Although the main purpose of super is to provide funds for you to use and enjoy in your retirement, you can still contribute to super in many situations when you’re retired. Whether you can depends on factors such as your age, the type of contribution you want to make, and contribution caps.
If you’re aged under 75, you’re eligible to make contributions to your super fund (including self-managed super funds) after you have retired.
However, if you’re over the age of 75, your super fund (including self-managed super funds) can only accept:
- downsizer contributions (i.e. if you sell your residential home and move to a cheaper, smaller home like the diverse range of accommodation options available in retirement villages or land lease communities)
- compulsory super guarantee contributions from your employer (for example, if you have only semi-retired and have begun a ‘transition to retirement’ strategy or if you only work every now and again).
The type of contribution you want to make
There are different requirements for tax-deductible super contributions after retirement and other types of non-tax-deductible contributions.
If you want to make a tax-deductible contribution, then you need to either:
- pass the ‘work test’, or
- qualify for an exemption from the work test.
To pass the work test, you must:
- be between 67 and 74 years of age
- work for at least 40 hours in a consecutive 30-day period during the financial year that you want to make the tax-deductible super contribution.
To qualify for an exemption from the work test, you must:
- you must have passed it in the previous financial year
- have a total super balance under $300,000
- never have had a previous exemption
While there are work test or work test exemption requirements for tax-deductible super contributions after you retire, there are no such requirements for super contributions that you don’t claim as tax deductions.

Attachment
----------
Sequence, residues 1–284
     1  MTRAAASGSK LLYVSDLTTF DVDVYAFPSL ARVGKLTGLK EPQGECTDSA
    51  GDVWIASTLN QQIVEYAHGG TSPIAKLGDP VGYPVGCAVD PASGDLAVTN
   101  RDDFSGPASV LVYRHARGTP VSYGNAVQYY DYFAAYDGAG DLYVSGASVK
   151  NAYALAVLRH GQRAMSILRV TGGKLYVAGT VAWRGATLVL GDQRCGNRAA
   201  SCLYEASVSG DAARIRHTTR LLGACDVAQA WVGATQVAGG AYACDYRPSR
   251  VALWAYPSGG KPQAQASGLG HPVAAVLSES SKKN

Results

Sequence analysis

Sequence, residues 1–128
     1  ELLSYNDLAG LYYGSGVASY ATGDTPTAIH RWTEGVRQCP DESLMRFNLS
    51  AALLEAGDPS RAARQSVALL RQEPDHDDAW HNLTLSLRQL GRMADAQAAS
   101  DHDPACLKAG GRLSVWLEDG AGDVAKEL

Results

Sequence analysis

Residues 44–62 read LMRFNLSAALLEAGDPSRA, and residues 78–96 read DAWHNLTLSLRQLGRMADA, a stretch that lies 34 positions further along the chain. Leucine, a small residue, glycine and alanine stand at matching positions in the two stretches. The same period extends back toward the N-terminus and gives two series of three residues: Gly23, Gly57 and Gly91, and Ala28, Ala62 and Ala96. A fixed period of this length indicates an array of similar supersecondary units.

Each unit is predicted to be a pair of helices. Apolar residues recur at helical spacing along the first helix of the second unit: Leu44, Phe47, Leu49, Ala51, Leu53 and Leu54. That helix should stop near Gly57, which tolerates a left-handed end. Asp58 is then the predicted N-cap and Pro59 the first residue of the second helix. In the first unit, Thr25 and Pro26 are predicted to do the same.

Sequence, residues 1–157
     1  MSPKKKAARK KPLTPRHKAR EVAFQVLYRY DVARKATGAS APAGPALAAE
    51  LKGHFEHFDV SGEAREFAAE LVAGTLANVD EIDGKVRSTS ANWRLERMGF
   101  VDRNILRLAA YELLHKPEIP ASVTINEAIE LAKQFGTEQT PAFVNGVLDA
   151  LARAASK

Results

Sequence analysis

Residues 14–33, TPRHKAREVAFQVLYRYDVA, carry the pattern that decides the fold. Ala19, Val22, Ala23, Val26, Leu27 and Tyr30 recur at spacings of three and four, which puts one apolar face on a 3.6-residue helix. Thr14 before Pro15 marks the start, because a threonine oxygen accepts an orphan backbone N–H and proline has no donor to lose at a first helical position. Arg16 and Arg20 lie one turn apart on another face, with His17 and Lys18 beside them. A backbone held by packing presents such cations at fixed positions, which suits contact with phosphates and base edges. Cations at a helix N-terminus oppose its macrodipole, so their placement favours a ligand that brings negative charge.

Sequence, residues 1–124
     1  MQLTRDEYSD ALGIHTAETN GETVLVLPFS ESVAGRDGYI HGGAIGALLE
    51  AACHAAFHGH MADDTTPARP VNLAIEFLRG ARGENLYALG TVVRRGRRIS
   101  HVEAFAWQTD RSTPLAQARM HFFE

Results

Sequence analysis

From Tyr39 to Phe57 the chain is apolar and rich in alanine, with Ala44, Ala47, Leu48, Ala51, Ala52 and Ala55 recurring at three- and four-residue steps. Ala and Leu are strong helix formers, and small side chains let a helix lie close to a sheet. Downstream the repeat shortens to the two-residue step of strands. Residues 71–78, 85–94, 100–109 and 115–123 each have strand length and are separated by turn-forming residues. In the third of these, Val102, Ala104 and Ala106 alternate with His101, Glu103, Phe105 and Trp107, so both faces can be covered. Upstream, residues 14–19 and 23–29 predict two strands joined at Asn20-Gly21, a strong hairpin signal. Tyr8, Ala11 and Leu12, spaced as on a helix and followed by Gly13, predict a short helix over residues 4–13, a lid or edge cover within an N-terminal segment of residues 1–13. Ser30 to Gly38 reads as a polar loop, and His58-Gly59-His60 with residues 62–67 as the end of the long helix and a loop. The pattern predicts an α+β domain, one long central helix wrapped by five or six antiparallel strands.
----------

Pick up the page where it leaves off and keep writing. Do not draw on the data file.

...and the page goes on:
So, if you’re semi-retired and still earning income, you can still make non-concessional (i.e. after-tax) super contributions or salary sacrifice contributions that aren’t tax-deductible provided you’re under 75 and you don’t exceed your contribution caps. Let’s now take a look at those caps.
Because super earnings receive significant tax concessions in Australia (taxed at just 15%), there are limits (called caps) on how much you can contribute each year. The main caps you need to be aware of if you want to contribute to super in your retirement are:
- downsizer contributions, which are capped at $300,000.
- concessional (before-tax) contributions, which are capped at $27,500 per year (however, if your total super balance is less than $500,000, you can also contribute any unused cap amount from the previous 5 years on top of the $27,500).
- non-concessional (after-tax) contributions, which are capped at $110,000 per year, but you can contribute up to 3 times that amount in any one year by ‘bringing forward’ your cap for the next two years).
The bottom line
If you’re eligible, whether or not it’s a good idea to keep contributing to your super after you have retired or semi-retired depends on your specific financial situation and needs. You should get independent and professional financial advice to help you decide.
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